Actually, with EE's white/silver (with black patterning) is most frequently male, while the wild type is frequently female, however brown/dark will not tell you which ones will become the typical partridge female pattern and can produce plenty of dark colored males while the light pattern, in particular white, is not often female.
There is some research that shows in wild type (chipmunk chicks), those chicks with 3 color bands (ie a brown bar between white and black stripes) that run from the top of the head down the neck all the way to the tail are usually female while the male pattern is usually 2 band colors (just the brown and black or brown with white) with an interruption at the neckline....head spot, nothing on the neck, then continues down the back.
But unfortunately there are too many exceptions to make this a sure thing...but I have found it to increase my odds.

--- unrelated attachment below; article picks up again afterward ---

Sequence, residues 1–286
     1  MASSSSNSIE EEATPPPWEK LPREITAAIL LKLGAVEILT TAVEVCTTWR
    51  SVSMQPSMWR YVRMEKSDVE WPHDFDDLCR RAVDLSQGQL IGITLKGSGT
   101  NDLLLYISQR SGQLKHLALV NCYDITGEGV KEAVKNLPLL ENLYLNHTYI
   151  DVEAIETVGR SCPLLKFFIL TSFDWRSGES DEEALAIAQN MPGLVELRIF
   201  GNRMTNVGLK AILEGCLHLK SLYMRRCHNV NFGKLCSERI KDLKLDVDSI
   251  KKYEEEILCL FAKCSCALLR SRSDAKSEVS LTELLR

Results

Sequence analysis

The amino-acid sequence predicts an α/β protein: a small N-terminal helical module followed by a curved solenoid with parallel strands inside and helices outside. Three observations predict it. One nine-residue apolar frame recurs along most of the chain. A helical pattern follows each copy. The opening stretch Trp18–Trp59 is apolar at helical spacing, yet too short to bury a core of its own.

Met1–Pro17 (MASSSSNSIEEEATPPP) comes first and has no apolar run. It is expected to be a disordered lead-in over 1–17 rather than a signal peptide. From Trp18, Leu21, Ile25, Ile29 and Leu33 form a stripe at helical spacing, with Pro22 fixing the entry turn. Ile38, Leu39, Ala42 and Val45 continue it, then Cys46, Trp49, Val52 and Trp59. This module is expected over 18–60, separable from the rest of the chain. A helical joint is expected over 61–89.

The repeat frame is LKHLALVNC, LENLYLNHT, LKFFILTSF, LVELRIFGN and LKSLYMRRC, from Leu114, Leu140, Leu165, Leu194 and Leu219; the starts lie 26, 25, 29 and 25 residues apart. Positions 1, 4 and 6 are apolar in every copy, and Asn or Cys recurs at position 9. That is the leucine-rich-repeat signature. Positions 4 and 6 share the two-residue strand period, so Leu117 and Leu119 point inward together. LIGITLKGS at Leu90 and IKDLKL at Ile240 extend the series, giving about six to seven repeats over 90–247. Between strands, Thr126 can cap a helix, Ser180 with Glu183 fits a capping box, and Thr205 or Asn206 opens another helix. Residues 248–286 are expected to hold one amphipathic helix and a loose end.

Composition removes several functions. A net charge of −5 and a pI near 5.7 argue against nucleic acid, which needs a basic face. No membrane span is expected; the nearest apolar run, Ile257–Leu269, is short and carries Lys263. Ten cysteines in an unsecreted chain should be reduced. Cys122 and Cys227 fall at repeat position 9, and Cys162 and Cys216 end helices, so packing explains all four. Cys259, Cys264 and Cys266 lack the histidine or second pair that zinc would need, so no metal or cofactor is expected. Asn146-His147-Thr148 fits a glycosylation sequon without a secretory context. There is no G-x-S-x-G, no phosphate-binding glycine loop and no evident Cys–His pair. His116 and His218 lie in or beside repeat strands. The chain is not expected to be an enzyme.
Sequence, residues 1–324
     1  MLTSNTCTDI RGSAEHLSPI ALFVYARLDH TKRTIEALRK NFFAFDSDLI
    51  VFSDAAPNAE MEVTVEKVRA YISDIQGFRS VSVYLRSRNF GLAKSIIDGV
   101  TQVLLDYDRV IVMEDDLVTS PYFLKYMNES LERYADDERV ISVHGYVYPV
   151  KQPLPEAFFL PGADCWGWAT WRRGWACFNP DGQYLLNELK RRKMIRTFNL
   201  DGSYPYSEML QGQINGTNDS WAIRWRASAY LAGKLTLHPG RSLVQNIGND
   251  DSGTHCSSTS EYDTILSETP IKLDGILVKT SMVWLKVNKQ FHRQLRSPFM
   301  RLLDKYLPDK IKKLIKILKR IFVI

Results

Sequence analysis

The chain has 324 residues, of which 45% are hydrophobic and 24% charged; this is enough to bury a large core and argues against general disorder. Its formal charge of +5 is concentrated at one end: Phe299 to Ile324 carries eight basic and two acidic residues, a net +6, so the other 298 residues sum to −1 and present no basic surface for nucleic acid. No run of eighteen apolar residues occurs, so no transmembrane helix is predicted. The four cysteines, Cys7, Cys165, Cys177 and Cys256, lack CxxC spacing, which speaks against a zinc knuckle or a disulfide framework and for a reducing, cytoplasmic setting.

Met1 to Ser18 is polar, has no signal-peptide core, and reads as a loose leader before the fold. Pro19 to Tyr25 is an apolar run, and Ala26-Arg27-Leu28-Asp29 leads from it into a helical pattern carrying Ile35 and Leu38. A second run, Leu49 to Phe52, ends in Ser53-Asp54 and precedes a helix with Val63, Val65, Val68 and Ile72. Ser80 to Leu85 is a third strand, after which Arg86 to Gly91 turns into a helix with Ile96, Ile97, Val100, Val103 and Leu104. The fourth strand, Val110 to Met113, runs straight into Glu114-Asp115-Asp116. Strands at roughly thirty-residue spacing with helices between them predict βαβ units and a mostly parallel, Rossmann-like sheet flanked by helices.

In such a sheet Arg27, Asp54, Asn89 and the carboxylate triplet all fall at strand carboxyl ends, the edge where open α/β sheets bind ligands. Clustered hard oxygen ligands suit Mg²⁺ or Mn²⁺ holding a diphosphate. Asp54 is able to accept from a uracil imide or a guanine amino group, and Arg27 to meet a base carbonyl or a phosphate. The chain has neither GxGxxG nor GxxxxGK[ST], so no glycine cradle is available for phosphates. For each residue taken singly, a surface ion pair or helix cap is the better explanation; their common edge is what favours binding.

If you are picking out older birds again, always choose one with the small, pale comb, and peas (much more likely to lay the colored blue/green egg for you) and with an even feather pattern....think kaleidoscope rather than patchwork quilt. The females will have regular even patterning while the males will have blotchy coloring...never chose a bird with red bars on the wing bows...that will be a rooster.
Good luck on the exchange.
A good article on sexing chicks:
Exactly. There are no hard and fast rules for Easter Eggers. Of my 3 Easter Egger chicks, one was male.
He's in the very back of this picture.
He's the one in the middle here.
You can not tell, with any certainty, what an Easter Egger will look like as an adult based on their chick down.
While quite a majority of the silver based birds are male, there are far too many that turn out to be females for it to be a 'rule.' Likewise, there are too many red-based/partridge type males to say that all red/gold birds are/will be female.
Mine turned out to be a red-based columbian pattern.